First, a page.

1. Brazier E et al., Improving poor women's access to maternity care: findings from a primary care intervention in Burkina Faso, Social Science & Medicine, 2009, 69(5):682–690.


The annual number of worldwide deaths of children younger than five has fallen below nine million for the first time in modern history.1 According to data reported by UNICEF, 8.8 million children died before the age of five in 2008—a 28% decrease from the almost 13 million deaths in that age-group in 1990. Progress in reducing under-five mortality continues to be made in every region of the world, with the most substantial declines between 1990 and 2008 occurring in Latin America and the Caribbean, and the Central/ Eastern Europe and Commonwealth of Independent States regions (55–56%). In addition, the average annual rate of decline in under-five mortality was higher in 2000–2008 than in 1990– 2000 (2.3% vs. 1.4%). However, under-five mortality has become increasingly concentrated, with half of all deaths now occurring in only five countries: China, Democratic Republic of Congo, India, Nigeria and Pakistan. Moreover, in most regions of the world—particularly Sub-Saharan Africa and South Asia—the decline in the child mortality rate is insufficient to reach the fourth Millennium Development Goal, which calls for a two-thirds reduction in the 1990 level of under-five mortality by 2015. The authors comment that "Accelerated progress can be achieved, even in the poorest environments, through: integrated, evidence-driven, and community-based programmes that focus on addressing the major causes of death, including pneumonia, diarrhœa, newborn disorders, malaria, HIV, and undernutrition."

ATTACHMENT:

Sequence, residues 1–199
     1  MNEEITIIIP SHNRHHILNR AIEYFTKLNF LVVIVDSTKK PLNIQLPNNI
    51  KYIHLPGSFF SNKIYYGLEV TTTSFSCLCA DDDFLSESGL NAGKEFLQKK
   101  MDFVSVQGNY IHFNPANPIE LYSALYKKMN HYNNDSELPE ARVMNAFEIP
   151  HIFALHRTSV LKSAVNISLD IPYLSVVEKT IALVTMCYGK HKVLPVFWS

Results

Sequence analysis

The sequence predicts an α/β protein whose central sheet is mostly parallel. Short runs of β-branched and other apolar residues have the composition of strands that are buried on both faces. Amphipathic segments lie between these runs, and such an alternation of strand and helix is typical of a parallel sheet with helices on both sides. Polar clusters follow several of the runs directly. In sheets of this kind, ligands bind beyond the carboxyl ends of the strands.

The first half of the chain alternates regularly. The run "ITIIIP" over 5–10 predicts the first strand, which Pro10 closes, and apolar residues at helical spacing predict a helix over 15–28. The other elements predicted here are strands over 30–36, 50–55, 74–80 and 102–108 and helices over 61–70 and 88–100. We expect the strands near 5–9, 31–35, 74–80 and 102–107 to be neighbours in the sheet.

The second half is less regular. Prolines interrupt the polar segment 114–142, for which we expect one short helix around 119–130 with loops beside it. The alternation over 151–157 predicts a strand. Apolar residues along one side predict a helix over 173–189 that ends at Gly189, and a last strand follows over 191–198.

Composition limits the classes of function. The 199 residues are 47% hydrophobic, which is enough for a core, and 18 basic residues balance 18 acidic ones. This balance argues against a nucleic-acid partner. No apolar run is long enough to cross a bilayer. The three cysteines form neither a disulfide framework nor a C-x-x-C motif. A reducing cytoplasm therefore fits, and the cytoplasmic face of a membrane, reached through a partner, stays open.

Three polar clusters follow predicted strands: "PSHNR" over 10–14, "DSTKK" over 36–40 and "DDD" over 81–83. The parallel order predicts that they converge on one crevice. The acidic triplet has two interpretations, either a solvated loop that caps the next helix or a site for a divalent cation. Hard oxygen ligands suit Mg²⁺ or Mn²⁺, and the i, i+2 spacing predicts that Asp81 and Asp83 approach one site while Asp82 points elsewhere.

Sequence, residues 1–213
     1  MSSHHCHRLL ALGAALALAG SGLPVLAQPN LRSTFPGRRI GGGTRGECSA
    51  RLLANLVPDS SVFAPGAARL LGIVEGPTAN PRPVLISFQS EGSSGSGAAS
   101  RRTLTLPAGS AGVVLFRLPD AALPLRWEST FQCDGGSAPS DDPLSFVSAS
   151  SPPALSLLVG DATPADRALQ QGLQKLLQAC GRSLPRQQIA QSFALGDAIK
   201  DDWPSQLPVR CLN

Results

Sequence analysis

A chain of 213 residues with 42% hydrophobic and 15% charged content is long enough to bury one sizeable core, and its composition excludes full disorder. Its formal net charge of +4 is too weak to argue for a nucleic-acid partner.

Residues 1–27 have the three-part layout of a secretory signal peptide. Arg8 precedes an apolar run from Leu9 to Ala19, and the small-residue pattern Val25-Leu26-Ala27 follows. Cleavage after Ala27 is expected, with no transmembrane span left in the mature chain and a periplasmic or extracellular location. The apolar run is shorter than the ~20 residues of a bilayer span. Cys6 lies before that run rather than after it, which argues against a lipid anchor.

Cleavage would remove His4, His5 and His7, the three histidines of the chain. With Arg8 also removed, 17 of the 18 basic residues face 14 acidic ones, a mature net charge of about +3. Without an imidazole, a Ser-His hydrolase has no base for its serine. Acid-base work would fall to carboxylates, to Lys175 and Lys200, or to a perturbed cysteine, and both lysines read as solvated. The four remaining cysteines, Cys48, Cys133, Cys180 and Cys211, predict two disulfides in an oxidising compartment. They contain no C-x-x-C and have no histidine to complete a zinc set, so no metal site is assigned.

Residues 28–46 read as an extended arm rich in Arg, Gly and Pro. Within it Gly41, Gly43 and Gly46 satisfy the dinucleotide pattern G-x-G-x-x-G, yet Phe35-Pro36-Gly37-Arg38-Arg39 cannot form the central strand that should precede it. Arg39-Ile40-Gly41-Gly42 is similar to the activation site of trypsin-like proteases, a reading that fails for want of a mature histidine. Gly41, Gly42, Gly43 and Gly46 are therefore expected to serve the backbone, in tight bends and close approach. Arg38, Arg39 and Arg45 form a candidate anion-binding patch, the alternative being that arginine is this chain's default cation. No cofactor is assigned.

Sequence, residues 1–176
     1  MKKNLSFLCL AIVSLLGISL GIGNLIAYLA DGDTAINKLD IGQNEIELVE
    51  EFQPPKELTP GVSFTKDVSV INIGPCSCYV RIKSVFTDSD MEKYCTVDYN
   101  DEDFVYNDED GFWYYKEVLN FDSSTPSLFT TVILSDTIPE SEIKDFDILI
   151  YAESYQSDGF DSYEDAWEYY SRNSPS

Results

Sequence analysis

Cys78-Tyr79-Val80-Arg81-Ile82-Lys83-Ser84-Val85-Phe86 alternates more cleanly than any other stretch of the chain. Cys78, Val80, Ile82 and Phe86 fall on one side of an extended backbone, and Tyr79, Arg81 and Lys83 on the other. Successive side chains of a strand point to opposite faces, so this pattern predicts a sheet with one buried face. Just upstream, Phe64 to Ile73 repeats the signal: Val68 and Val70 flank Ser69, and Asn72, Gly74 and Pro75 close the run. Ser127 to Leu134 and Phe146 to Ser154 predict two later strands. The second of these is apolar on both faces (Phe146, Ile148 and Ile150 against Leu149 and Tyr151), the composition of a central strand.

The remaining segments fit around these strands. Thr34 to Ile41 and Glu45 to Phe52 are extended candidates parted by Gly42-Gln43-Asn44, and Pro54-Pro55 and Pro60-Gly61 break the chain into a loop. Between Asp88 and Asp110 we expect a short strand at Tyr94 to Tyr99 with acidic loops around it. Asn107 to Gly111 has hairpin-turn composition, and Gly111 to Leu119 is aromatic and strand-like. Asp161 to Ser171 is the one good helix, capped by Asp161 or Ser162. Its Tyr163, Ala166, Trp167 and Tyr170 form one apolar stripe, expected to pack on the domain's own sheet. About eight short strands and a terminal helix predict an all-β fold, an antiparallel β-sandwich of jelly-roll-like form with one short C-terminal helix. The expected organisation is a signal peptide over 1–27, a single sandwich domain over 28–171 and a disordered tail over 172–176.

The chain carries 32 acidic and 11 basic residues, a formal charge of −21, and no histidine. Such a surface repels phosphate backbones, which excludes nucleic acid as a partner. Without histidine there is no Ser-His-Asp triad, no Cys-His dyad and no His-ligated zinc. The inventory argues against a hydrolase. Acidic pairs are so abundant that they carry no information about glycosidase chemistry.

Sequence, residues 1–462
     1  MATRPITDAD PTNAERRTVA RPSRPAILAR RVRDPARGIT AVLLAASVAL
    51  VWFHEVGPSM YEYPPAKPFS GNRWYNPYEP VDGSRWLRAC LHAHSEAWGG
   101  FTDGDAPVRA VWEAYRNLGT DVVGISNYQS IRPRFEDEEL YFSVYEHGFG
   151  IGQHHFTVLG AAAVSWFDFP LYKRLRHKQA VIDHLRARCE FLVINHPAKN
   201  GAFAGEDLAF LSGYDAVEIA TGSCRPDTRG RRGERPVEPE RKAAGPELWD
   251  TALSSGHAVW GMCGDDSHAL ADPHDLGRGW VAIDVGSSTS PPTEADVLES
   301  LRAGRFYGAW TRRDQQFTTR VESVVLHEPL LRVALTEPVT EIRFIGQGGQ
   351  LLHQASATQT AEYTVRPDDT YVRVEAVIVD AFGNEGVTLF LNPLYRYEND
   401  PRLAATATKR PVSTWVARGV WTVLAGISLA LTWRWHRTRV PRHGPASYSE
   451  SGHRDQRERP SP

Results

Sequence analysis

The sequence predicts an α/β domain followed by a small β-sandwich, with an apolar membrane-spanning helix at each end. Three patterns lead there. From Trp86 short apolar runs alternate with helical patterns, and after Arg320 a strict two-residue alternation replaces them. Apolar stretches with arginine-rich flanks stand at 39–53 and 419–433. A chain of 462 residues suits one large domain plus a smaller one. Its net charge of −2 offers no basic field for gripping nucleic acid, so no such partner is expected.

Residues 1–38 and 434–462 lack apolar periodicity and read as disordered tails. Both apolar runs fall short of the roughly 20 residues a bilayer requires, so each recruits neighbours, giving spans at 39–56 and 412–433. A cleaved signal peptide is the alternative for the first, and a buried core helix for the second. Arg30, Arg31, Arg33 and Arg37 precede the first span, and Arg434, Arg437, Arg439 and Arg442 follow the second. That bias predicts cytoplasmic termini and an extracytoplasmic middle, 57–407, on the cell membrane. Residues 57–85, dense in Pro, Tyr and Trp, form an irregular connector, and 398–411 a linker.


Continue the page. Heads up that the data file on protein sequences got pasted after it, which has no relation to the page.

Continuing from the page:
1. You D et al., Levels and trends in under-5 mortality, 1990–2008, Lancet, 2009, doi:10.1016/S0140-6736(09) 61601-9.


Programs in low-resource areas to introduce and increase acceptance of the vaccine against human papillomavirus (HPV) should incorporate evidence-based education and communication strategies to address the concerns of local communities, according to an analysis of focus-group, in-depth interview and survey data of parents and children in four developing countries: India, Peru, Uganda and Vietnam.1 In all four countries, parents—primarily mothers—made the decisions in regard to health issues such as vaccinations. Although parents and children had some knowledge of cancer in general, understanding of the term "cervical cancer" and its link to HPV was low, especially in India and Uganda. Overall, participants in all four countries supported vaccinations, and understood that such public health campaigns protect children from experiencing illness; however, parents expressed various specific concerns about, for example, the quality of vaccines and the level of training of the health care providers giving the vaccinations. In addition, parents worried about potential side effects associated with the HPV vaccine, especially its impact on daughters' future fertility. In light of their findings, the authors suggest "a communication strategy that incorporates simple evidence-based information on HPV and cervical cancer and truthful reassurances regarding the specific concerns raised."